Saturday, March 24, 2007

Lacordaire, Conferences

The following is continued from Lacordaire's
"God: Conferences delivered at Notre Dame in Paris"

(series begins here)



Such are the two doctrines.

And observe that the human mind could not conceive a third doctrine upon the principle of things. For either nature exists of itself and suffices to itself, or we must seek its cause and support above itself, not in an analogous nature subject to the same infirmity, but in a superior being answering in its essence to the idea and function of a principle. It is the one or the other. If we choose nature, as nature wants personality, we must say that the principle of things is an infinite force in the state of impersonality. If we reject nature, we must say that the principle of things is a supernatural being, the logical conception of which necessarily leads to the conclusion that the principle of thins is an infinite spirit in the state of personality. Therefore human reason, in regard to the first question concerning the mystery of destinies, the question of principle, is inevitably condemned to one or the other of these professions of faith: I believe in God; - I believe in nature.

This is the reason why there are but two fundamental doctrines in the world; theism and pantheism. The first of these builds upon the idea of God, the second upon the fact of nature; one starts from the invisible and the infinite, the other from the visible and indefinite. Whoever is not a theist is logically a pantheist, and whoever is not a pantheist is necessarily a theist. Every man chooses between these two doctrines, and the life of mankind cleaves to one of the other, as to the tree of life and the tree of death. Pantheism has perhaps been brought before you as a rare discovery of modern times, as a treasure slowly drawn forth from the fields of contemplation by the labor of sages: the fact is, it is as old as corrupted mankind, and the mind of a child is able to conceive that there is a God, or if there is not, that nature is itself its principle and its god.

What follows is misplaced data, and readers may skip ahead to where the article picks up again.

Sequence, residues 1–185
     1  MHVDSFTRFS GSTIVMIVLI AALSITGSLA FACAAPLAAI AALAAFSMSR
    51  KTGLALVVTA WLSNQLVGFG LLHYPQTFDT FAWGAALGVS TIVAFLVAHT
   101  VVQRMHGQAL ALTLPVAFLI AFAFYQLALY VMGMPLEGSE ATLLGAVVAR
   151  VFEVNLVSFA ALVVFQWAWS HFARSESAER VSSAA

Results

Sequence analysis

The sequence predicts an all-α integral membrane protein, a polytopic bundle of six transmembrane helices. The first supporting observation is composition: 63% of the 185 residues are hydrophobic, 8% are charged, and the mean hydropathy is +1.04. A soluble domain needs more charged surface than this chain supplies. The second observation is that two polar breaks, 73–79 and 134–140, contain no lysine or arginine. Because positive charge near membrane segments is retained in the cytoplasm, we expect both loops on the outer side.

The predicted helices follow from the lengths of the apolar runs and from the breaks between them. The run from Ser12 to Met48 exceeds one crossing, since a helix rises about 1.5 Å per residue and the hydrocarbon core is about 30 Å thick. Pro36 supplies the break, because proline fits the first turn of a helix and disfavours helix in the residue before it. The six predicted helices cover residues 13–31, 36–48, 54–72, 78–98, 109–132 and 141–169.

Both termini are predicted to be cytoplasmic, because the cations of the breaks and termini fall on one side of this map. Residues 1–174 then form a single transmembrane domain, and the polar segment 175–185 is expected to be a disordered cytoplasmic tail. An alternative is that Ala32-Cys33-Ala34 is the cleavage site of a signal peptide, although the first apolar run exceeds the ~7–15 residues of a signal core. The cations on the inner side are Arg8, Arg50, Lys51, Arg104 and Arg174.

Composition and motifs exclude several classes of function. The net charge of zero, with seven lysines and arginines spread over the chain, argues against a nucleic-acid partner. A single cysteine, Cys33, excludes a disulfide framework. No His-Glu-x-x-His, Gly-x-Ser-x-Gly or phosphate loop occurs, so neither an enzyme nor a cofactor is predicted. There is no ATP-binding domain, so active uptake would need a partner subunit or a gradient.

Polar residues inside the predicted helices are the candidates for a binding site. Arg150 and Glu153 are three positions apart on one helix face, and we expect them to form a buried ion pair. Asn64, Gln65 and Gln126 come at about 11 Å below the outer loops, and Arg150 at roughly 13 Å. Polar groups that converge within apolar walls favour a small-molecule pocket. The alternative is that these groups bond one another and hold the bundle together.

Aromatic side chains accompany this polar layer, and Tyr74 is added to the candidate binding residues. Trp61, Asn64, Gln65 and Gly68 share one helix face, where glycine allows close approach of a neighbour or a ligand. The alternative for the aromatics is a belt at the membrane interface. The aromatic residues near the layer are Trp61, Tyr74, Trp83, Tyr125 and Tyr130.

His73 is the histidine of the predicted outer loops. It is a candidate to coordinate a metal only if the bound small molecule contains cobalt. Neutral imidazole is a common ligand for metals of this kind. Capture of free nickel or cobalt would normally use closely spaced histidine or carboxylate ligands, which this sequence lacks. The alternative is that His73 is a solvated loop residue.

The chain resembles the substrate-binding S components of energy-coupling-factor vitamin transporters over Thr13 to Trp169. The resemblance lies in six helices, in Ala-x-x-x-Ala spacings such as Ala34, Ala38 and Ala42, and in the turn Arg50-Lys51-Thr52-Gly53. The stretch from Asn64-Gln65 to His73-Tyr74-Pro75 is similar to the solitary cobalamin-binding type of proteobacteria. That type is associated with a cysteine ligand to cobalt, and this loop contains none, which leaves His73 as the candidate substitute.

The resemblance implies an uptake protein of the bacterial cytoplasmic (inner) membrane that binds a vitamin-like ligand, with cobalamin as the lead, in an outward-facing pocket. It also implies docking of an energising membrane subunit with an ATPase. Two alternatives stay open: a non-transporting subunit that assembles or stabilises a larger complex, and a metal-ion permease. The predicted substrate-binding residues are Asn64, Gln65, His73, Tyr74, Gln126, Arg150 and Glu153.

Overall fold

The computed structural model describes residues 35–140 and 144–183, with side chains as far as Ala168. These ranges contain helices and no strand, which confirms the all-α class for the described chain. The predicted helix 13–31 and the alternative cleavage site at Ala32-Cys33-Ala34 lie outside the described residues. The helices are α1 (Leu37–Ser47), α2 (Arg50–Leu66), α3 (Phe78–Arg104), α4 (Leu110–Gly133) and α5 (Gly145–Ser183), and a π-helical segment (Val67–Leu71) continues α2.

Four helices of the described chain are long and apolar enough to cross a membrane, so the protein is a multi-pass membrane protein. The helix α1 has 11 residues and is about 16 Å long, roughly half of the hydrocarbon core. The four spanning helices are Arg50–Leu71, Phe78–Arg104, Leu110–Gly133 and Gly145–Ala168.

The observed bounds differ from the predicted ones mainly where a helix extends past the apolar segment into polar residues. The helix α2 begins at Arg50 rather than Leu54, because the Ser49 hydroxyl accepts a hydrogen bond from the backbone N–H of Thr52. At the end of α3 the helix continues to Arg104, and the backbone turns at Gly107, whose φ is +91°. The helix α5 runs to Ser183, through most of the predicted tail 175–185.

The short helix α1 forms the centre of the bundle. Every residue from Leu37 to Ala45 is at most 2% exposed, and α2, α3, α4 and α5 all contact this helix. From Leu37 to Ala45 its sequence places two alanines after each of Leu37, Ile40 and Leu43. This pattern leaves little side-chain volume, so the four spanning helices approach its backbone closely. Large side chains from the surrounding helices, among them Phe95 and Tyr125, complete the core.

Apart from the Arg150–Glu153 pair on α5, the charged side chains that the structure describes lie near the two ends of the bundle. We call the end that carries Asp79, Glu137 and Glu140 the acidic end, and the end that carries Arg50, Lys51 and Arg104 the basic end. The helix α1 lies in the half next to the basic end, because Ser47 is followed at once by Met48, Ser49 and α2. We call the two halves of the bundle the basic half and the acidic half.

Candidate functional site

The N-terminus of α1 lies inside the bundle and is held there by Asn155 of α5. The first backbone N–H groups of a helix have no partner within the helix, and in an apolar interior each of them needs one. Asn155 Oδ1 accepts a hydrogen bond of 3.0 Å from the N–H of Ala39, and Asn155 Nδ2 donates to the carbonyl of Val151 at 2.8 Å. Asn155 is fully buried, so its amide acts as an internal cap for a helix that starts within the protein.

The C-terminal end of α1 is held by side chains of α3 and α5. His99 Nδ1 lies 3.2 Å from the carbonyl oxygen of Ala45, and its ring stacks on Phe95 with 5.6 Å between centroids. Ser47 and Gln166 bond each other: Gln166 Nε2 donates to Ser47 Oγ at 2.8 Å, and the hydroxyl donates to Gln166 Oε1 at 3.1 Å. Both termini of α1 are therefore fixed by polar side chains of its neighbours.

It is a gift of truth, that upon a question so capital as that of the principle of things, you should have but to choose between two doctrines, and that on the rejection of one of these, the other becomes invested with the infallible character of logical necessity.

Henri-Dominique Lacordaire
God: Conferences - Notre-Dame in Paris (1871)

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